Axa SA is in advanced talks to buy XL Group Ltd., a property and casualty insurer with a market value of $11 billion, people familiar with the matter said.

A deal could be announced in coming days, said the people, who asked not to be identified because the matter isn’t public. XL has also attracted interest from insurers including Germany’s Allianz SE, Bloomberg reportedlast month. A final deal hasn’t been reached and another bidder may yet emerge or talks may fall apart, the people said.
Representatives for XL Group and Axa didn’t respond to several requests for comment. A spokesman for Allianz declined to comment.



Buying XL, which sells insurance to other insurers, would bolster Axa’s casualty coverage business in the U.S., and mark the biggest insurance deal since 2015, according to Bloomberg data. Such firms have become ripe takeover targets as policy prices begin to increase after firms booked heavy losses last year due to a spate of natural disasters. Some $17.5 billion in deals have been stitched together so far this year, according to data compiled by Bloomberg.


The biggest of the takeovers so far has been American International Group Inc.’s January agreement to buy Validus Holdings Ltd. for more than $5 billion in cash.


XL shares have advanced 23 percent this year in New York, giving the Hamilton, Bermuda-based company a market value of about $11 billion. AXA has gained 1.3 percent in Paris so far this year, valuing the company at 61 billion euros ($75 billion).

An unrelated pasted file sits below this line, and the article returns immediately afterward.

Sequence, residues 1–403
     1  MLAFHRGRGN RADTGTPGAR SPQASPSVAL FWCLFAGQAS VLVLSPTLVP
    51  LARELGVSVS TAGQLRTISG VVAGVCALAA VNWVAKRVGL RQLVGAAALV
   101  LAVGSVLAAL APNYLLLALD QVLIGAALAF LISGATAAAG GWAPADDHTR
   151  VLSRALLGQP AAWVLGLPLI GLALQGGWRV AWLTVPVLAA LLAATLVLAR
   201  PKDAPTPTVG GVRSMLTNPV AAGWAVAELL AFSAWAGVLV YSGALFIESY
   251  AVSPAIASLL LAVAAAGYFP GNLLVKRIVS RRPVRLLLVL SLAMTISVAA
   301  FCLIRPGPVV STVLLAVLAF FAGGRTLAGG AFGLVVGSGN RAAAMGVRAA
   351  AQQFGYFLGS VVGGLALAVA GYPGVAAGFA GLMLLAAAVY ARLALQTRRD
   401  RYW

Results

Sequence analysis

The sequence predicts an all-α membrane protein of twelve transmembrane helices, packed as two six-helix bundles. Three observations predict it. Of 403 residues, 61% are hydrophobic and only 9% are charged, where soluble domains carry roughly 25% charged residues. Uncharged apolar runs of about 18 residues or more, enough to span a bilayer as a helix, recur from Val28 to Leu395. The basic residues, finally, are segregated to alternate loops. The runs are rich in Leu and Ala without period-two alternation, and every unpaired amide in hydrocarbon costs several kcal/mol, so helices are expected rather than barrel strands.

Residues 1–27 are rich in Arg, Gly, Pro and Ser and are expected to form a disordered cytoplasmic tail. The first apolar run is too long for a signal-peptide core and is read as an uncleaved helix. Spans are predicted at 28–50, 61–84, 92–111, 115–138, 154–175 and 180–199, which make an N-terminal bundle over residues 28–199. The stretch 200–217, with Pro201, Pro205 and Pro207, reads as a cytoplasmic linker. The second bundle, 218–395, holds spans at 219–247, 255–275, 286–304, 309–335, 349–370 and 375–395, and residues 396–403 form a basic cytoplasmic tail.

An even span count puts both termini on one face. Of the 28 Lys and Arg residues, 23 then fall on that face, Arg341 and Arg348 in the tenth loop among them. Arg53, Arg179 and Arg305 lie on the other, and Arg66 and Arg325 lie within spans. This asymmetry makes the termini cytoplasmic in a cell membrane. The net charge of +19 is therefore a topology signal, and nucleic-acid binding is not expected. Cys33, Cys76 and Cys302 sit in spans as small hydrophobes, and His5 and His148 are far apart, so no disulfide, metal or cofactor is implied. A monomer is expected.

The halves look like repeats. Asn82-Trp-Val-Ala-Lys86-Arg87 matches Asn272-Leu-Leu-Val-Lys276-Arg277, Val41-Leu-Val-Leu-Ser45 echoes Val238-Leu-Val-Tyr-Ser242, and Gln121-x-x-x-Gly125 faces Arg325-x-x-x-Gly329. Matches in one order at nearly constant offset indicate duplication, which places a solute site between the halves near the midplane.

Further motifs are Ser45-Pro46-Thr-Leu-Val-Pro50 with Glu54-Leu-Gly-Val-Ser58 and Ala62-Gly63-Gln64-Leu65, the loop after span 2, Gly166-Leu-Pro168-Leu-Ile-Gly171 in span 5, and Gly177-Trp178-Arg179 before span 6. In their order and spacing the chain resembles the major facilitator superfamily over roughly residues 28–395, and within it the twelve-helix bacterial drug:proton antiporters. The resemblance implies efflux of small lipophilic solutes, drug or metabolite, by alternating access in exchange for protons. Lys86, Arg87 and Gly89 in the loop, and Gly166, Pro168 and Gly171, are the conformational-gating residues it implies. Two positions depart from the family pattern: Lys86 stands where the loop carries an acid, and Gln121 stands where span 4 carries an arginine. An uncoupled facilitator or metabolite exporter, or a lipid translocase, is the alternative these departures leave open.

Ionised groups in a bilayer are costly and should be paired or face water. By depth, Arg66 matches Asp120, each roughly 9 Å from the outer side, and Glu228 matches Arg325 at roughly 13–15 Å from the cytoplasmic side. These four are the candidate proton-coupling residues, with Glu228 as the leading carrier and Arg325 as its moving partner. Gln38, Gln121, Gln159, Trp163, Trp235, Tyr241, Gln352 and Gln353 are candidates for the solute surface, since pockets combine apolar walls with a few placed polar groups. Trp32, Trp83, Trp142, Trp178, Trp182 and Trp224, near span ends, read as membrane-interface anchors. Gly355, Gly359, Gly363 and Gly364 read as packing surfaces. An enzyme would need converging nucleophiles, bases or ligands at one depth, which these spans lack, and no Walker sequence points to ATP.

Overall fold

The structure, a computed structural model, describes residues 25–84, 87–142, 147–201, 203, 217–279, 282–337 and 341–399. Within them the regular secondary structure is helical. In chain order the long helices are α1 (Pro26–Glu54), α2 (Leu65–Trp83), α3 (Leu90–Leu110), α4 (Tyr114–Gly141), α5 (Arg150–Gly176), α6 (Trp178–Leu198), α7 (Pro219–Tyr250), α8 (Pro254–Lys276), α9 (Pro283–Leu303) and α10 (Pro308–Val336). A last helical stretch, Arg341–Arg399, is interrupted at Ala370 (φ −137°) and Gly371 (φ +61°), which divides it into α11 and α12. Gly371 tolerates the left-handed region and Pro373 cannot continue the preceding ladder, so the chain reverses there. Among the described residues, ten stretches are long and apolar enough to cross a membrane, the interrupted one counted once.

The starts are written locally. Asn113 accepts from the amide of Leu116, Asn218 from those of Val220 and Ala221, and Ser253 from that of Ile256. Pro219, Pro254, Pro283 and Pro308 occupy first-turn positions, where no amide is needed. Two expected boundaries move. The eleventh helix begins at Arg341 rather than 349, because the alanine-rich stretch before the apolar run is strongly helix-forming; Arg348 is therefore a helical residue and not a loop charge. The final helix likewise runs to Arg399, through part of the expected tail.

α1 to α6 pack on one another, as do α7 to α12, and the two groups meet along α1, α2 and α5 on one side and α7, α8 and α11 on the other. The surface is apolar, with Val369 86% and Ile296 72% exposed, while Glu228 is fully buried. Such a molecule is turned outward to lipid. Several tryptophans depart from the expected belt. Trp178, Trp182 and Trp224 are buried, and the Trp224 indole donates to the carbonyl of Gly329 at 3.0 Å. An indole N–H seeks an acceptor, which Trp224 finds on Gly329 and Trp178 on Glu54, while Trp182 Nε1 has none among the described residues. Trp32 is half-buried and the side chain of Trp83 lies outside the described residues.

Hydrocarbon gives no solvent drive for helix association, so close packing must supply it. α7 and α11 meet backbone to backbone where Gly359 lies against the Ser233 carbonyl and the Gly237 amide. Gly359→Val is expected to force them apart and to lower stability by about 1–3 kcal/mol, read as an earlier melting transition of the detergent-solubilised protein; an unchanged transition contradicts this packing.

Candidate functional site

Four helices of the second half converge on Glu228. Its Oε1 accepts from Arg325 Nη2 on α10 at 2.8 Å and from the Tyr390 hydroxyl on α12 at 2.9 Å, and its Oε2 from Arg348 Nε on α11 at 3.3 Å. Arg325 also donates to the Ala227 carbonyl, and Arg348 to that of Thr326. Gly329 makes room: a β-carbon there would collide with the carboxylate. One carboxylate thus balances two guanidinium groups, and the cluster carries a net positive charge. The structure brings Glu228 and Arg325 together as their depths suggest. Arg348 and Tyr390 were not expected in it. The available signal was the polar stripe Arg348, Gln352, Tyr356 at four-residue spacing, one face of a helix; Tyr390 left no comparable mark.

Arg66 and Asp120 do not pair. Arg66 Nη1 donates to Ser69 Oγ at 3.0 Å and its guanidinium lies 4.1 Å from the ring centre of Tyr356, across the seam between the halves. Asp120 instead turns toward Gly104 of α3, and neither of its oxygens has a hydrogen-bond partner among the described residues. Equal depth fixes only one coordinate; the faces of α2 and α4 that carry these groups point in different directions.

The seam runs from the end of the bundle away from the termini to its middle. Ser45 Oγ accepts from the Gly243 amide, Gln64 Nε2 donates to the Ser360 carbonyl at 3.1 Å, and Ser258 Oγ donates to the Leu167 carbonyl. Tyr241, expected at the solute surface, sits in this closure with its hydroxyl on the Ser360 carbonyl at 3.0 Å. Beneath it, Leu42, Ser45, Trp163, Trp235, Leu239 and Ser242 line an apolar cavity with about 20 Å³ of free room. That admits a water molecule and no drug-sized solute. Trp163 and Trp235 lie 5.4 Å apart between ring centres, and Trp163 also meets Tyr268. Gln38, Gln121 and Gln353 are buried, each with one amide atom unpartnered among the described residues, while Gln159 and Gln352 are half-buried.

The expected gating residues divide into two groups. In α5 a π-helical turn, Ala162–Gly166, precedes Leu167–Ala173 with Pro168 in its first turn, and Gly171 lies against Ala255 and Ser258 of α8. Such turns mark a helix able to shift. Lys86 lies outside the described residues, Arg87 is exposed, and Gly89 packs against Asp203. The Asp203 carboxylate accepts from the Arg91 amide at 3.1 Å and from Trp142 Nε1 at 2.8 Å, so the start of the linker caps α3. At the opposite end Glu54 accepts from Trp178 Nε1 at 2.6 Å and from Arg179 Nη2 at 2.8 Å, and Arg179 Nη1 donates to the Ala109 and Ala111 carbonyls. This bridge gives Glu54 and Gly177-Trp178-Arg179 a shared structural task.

XL’s Chief Executive Officer Mike McGavick, who expanded the insurer in 2015 with the $3.9 billion deal to buy Catlin Group Ltd., last month said he was optimistic about “where we are going” on the back of a solid capital position and growth in premiums.


Still, catastrophe losses might spur more consolidation for Bermuda reinsurers this year, while the U.S. tax overhaul has diluted the pricing advantage the companies enjoyed with Bermuda’s low rate, according to a Fitch Ratings report.
Axa’s Chief Executive Officer Thomas Buberl, who took the post less than two years ago, has said one of his preferred areas for growth is P&C commercial lines segments. Europe’s second largest insurer is shedding some assets as it plans to focus its expansion on fewer countries, with scale being an important factor as he seeks to simplify the business.



The Paris-based insurer plans to list a minority stake in its U.S. businesses, including its Life & Savings unit and its 64 percent stake in AllianceBernstein, in the first half of this year. Proceeds from the initial public offering will be used to fund acquisitions or returned to shareholders.